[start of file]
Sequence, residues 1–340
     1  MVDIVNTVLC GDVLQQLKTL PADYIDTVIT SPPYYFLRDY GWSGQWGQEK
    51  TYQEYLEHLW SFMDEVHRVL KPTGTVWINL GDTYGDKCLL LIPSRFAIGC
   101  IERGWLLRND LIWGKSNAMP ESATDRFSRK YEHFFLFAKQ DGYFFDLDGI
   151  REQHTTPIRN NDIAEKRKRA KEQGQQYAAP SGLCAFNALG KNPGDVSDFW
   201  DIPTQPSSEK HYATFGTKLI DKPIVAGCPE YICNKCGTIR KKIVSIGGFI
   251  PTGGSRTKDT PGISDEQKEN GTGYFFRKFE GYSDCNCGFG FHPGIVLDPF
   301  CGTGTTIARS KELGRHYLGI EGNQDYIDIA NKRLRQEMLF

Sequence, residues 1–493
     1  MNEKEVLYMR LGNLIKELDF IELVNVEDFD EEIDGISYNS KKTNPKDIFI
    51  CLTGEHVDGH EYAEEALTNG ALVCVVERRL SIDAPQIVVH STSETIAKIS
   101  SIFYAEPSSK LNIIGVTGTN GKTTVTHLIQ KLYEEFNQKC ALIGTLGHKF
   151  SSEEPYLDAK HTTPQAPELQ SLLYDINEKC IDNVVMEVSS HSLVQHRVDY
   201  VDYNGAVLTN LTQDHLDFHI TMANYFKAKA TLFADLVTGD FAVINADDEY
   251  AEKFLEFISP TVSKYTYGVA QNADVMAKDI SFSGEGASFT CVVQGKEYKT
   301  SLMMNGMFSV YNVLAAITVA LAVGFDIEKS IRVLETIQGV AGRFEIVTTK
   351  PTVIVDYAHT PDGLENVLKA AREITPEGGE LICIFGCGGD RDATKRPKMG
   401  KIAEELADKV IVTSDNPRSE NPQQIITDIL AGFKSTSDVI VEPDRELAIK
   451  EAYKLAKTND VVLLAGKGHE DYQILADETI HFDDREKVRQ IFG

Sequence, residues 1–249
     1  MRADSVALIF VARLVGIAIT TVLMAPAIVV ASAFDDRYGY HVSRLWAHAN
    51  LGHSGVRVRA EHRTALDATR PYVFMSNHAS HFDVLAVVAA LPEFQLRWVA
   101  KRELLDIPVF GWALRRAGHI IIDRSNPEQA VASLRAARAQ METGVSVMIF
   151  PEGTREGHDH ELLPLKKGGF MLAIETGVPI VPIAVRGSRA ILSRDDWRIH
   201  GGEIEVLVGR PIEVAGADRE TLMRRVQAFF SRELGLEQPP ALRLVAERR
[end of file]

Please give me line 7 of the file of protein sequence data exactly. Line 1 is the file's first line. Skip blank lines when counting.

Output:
   251  PTGGSRTKDT PGISDEQKEN GTGYFFRKFE GYSDCNCGFG FHPGIVLDPF